In the summer of 1962 the Mansfield, Ohio Police Department set up a gay sex sting by filming men having sex in a public restroom under the main square of the city. A cameraman hid in a closet and filmed the clandestine activities through a two-way mirror. The police filmed over a three-week period, and the resulting film footage was used to obtain the convictions of over 78 local men on charges of sodomy. (Several of the accused were committed to an asylum for shock treatment. One of them later committed suicide.)
All of the 38 men were convicted of sodomy. They were publicly humiliated and found themselves ensnared by the state’s Ascherman Act, which ordered all felons deemed a danger to society to be institutionalized for a potentially indefinite period; all were required to serve the minimum sentence, even those judged by medical professionals to be “cured” prior to that time. The treatment involved a number of now-discredited methods, including electroshock and various other aversion therapy techniques, and drugs with known severe side effects. After their release few recovered from the trauma and many were ostracized from families and friends. It would not be until 1973 that the American Psychiatric Association struck homosexuality from its list of mental disorders; until that moment, the psychiatric profession had essentially lent its tacit endorsement to these laws and practices.
After the arrests, the restroom below Mansfield’s Central Park was closed to the public and in a gesture more superstitious than practical, it was filled in with dirt and covered up.
The footage itself is chilling and stark. One must always remember that it was not only the fact that these men were having sex in a public bathroom that got them arrested. It was the fact that they were gay. The sex act on film was only the evidence.
David Herkt sums:.
The video documents a straight-laced America of button-up shirts, horn-rimmed glasses and ubiquitous cigarettes where fleeting moments of sexual expression can be experienced in hidden places but within a context of fear. Even during the sex-acts, the eyes of these men are often focused on the restroom doors and the possibility of an intrusion that could mean arrest and imprisonment. There is an urgency of need for contact that overcomes the weight of law and self but cannot quite overcome the awareness of possible consequences.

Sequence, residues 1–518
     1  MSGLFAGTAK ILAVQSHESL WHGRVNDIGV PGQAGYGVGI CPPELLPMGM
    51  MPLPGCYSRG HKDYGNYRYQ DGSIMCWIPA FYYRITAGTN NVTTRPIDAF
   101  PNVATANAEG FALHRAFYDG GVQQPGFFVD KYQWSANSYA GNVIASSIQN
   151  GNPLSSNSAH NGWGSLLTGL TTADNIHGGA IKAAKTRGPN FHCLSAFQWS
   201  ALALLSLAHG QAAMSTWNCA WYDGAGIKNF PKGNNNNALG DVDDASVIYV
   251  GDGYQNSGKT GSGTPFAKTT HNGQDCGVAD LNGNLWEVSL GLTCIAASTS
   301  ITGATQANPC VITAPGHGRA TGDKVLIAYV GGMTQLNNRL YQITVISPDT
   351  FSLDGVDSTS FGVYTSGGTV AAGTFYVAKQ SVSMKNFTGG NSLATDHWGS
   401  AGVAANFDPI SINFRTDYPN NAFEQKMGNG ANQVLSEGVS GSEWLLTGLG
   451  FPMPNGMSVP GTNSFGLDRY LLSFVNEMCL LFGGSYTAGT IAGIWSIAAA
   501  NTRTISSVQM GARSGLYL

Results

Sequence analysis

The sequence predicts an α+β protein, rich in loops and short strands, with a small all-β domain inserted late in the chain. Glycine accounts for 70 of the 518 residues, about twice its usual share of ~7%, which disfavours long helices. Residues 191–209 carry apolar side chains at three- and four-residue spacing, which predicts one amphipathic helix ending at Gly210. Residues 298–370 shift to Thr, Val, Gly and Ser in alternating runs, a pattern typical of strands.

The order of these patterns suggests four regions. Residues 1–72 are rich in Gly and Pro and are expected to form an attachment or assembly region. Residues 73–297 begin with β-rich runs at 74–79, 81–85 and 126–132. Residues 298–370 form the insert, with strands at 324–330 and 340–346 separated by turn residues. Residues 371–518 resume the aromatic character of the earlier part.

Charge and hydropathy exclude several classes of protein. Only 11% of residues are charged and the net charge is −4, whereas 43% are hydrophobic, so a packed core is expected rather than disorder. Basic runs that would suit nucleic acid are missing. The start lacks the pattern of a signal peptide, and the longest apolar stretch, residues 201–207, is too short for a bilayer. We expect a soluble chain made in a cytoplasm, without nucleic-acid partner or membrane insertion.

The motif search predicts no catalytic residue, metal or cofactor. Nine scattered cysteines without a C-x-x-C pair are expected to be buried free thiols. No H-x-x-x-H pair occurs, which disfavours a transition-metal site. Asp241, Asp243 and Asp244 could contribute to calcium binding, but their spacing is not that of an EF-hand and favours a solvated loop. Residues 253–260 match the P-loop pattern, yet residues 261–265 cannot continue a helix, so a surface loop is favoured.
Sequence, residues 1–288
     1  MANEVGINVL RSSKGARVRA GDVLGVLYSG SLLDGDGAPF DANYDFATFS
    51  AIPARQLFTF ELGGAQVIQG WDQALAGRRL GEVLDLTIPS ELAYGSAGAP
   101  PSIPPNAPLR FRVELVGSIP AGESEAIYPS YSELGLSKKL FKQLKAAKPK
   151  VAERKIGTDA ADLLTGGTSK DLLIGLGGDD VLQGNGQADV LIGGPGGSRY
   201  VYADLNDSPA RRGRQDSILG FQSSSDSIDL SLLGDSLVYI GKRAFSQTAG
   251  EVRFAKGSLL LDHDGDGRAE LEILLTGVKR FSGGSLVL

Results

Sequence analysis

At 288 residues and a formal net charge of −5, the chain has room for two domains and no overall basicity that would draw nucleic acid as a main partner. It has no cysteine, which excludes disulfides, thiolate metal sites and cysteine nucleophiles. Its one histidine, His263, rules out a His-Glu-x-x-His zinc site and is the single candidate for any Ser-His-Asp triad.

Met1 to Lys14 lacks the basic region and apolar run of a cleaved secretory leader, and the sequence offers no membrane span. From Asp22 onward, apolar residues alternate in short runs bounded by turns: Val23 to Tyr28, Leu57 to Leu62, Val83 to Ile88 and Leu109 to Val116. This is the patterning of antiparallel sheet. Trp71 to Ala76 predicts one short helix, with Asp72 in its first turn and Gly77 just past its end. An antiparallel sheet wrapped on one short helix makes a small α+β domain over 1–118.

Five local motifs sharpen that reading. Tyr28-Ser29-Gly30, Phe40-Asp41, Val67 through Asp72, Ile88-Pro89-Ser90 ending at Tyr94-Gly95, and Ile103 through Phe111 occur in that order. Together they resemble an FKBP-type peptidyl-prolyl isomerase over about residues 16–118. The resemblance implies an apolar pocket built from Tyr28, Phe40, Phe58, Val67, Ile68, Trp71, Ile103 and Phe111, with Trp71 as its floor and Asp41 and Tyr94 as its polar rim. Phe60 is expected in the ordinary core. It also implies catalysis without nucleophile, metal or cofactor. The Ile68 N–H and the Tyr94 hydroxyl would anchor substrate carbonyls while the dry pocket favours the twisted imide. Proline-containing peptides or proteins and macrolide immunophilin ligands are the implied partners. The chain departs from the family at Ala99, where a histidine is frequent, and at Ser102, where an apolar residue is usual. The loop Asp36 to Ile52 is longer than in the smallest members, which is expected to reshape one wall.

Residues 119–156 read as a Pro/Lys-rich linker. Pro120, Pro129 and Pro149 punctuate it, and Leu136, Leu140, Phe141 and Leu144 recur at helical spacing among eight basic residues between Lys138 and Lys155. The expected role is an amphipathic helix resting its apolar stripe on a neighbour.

There is also a poignancy as each of the men is observed – smoking, washing hands, straightening attire in a mirror, involved in brief sexual contact, wiping semen from the floor – because, for them, these moments mark their last instants of freedom from restraint by the state or confinement in a treatment facility.
Even now over 55 years later 18 out of the 50 United States still have sodomy laws on the books and use the same techniques as in Mansfield to persecute and prosecute homosexual men. In fact the Mansfield Police Department published rules and guidelines and provided technical know-how assisting every other city in America to obtain convictions in the same way.
A Mansfield-based film company put out an award-winning documentary for law enforcement agencies detailing how the Mansfield Underground Restroom Scandal could be duplicated in every other precinct in America.
William E. Jones found a degraded version of the police tapes used in the prosecution of these of the men involved that was also sent out to other police departments in the United States.
The film has been restored and serves as a shocking reminder of our past.
WARNING: THIS LINK will take you to video. It is EXTREMELY NSWF and is used here for historical and educational reference only.